Top Ten Tuesday: Books with less than 2k reviews on Goodreads


When I first saw The Broke and The Bookish‘s prompt for today, I thought there was no way that I would come up with ten books that I enjoyed that didn’t have more than 2,000 reviews on Goodreads. But, guess what! I was wrong.

I sorted my “read” shelf by number of reviews and, of the ones with less than 2k reviews, these are ten of my favorites:


How is it that these books don’t have more Goodreads reviews? Do people just not know about their awesomeness? Well, let me tell you a little about why I liked them and maybe you’ll check out some of these hidden gems for yourself (links take you to my reviews on Goodreads).

  1. Serpentine by Cindy Pon — To everyone who says that they want more YA fantasy that set in non-Western worlds: you should be reading this book. If you liked the female friendship in Uprooted: you need to read this book. And, if you read it now, you’ll be all set to read the sequel when it comes out in September.
  2. The Fire Horse Girl by Kay Honeyman — This one is YA historical fiction that takes place in San Francisco (and a little bit in China) during the 1920s. It features a girl who pretends to be a boy so she can escape from Angel Island where all the Asian immigrants are being held, waiting to enter the United States. She has to figure out how to survive on her own in the city, once she gets there. She learns to fight and becomes a body guard for some Chinese mafia-types. And she does a bunch of other really cool stuff. I seriously do not understand why more people haven’t read this book.
  3. Sword by Amy Bai — I’ve talked about this book on my blog before. It’s epic fantasy with really cool world-building and it throws a bunch of tropes on their head. It’s not as flashy as a lot of other YA fantasy I’ve been reading. It’s a little quieter, but there are still battles. It’s more thoughtful and leaves a little more unsaid. But there is still a ton of emotion, a strong female friendship, and a little bit of a romantic sub-plot that’s more about character development than plot development.
  4. Swim: Why we Love the Water by Lynn Sherr — If you love to swim, even if you don’t compete or like to swim laps, but just love being in and around the water, you must read this book. There’s a bit of interesting history about the pastime and the sport, a bit of personal narrative and stories, and a ton of cool photographs and prints (enough that I recommend getting a paper copy).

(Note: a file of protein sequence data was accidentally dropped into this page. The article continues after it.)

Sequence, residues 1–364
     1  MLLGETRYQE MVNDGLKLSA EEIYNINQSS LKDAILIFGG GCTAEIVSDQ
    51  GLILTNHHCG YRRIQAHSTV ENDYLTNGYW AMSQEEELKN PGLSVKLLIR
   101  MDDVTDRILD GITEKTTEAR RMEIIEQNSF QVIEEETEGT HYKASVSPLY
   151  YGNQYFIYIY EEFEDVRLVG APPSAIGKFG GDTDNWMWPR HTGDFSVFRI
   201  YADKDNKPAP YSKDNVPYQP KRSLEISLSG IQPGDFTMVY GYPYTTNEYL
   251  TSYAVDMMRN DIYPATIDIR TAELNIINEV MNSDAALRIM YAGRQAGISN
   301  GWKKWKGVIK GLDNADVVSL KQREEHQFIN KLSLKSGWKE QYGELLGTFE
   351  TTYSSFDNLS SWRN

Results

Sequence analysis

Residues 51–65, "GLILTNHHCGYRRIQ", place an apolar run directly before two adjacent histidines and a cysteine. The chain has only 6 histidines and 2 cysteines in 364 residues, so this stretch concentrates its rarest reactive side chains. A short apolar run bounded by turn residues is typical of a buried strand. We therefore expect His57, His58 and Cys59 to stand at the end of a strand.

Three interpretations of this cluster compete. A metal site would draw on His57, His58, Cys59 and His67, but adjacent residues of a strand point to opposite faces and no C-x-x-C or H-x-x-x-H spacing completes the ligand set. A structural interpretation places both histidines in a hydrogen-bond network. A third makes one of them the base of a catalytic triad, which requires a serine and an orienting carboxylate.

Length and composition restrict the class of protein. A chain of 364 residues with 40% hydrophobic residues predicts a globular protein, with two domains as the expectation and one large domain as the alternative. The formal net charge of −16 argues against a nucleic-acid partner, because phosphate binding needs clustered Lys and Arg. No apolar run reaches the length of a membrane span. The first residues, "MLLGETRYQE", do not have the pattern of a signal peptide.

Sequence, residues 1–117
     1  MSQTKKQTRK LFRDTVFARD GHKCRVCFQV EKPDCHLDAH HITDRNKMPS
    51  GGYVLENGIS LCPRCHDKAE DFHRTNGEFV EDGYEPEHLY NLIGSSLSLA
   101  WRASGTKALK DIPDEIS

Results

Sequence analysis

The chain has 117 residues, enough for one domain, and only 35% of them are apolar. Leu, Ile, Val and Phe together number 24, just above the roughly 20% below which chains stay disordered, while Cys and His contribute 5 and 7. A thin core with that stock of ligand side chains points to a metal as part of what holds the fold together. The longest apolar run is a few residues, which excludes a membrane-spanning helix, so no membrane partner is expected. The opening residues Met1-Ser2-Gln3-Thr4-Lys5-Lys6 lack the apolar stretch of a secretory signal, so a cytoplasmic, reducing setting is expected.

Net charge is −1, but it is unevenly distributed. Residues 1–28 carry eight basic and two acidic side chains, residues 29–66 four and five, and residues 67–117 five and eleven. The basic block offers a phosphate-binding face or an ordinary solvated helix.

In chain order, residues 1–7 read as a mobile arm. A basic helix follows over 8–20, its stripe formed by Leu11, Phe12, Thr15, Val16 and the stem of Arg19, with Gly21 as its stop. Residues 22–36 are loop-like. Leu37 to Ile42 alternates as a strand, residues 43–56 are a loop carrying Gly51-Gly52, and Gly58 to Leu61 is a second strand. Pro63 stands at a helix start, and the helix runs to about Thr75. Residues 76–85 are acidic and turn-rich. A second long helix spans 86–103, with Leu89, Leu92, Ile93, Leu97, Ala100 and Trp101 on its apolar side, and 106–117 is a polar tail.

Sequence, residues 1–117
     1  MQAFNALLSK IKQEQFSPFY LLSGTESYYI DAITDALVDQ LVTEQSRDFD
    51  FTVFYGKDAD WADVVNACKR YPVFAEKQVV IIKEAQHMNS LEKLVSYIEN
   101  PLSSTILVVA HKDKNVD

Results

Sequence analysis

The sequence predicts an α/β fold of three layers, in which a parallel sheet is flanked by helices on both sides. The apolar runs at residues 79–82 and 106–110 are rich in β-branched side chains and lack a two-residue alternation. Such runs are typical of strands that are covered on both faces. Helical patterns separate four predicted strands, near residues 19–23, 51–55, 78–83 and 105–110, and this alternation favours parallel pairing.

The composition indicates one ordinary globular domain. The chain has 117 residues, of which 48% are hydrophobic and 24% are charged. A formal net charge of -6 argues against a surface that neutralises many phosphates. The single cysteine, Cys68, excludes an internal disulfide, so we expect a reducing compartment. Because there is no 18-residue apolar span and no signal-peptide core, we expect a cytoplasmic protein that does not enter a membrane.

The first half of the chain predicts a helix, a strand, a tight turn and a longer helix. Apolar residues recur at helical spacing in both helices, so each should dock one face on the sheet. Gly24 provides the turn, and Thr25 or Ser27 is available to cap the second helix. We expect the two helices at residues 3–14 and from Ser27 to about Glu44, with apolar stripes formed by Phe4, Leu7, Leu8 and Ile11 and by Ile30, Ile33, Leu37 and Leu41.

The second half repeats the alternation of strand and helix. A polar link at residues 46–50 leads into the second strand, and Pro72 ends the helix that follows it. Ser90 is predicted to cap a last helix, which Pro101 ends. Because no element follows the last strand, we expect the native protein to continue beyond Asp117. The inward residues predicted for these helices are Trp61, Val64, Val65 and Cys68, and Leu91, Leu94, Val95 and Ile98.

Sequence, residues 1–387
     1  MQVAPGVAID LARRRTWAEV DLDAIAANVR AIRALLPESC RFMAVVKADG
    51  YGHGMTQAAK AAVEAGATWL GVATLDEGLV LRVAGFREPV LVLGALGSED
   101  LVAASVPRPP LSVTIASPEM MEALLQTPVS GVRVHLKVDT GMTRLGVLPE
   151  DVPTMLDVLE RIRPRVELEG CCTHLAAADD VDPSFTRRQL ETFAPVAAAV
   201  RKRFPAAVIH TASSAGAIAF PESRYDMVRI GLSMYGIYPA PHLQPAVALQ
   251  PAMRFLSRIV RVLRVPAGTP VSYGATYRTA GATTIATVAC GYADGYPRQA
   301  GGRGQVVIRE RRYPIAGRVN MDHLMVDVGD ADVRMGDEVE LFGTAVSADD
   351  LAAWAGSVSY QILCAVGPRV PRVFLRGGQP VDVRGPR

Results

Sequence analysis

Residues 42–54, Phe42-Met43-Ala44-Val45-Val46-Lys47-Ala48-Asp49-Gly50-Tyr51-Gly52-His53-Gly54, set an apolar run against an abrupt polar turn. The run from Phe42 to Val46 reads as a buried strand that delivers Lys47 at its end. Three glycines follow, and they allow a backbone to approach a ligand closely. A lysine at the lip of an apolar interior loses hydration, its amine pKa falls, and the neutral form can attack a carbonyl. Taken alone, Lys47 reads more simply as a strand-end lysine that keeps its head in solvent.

5. 28 Barbary Lane by Armstead Maupin — You may know this better by the title Tales of the City. This edition is a collection of the first three books in that series. If you’ve never heard of this series, the novels take place in San Francisco in the 1970s and they are excellent. They follow the story of a young woman who moves to San Francisco from the Midwest and the fabulous ensemble of characters she meets and befriends in the old Victorian building she moves into. I highly recommend this.
  6. The Romantics by Galt Niederhoffer — They made this book into a movie featuring Katie Holmes, but I think the book is better (surprise, surprise). If you’re doing the “Read Harder” challenge, may I suggest that you do this one for the “read a book / watch the movie” task? Definitely check this out if you enjoy unlikeable characters and stories of complicated friendships. Especially check this out if you liked the book Prep by Curtis Sittenfeld.
  7. The Tricksters by Margaret Mahy — I originally read this because Kirstin Cashore (author of the Graceling series) mentioned that this book was one of the books that inspired her. It’s tense, creepy, the writing is excellent, it takes place in New Zealand, and there is a fabulous supernatural element to the story that will keep you turning pages, wanting to see what happens next. It’s such a good book. If you loved A Wrinkle in Time, or other “old-school” YA, then you should definitely check this one out.
  8. The Sea Runners by Ivan Doig — This is historical fiction, set along the Pacific Northwest coast (from Alaska to Oregon), in the mid-1800s. The book starts out in an Alaskan work-camp, and quickly becomes an epic canoe trip (based on a real event!). The descriptions are fantastic. The writing is so good. It probably doesn’t have many reviews because it was first published in the 1980s, but if you are looking for a literary fiction page-turner that strongly evokes a place, you should check this out.
  9. Momentum is Your Friend: The Metal Cowboy and His Pint-Sized Posse Take on America by Joe Kurmaskie — This book is a little like Wild, but if she had kids and took them on a back-roads bike trip across the country instead of the Pacific Crest Trail. It features an adventure loving father hitting mid-life and taking his sons across country on a bicycle tour, proving that kids can survive outside of “hermetically sealed SUVs” and that there can still be adventure and passion after 40.
  10. Nice to Come Home To by Rebecca Flowers — If what you’re really looking for is a contemporary romance featuring a woman in her mid-thirties and reads like a modern-day Jane Austen rom-com, then you should check out this book. Seriously, if you love realistic, feel-good stories, you need to read this book.

3 thoughts on “Top Ten Tuesday: Books with less than 2k reviews on Goodreads

    1. Thanks! I’m shocked that more people haven’t read Serpentine. I liked it better than Uprooted, and everyone seems to LOVE Uprooted.


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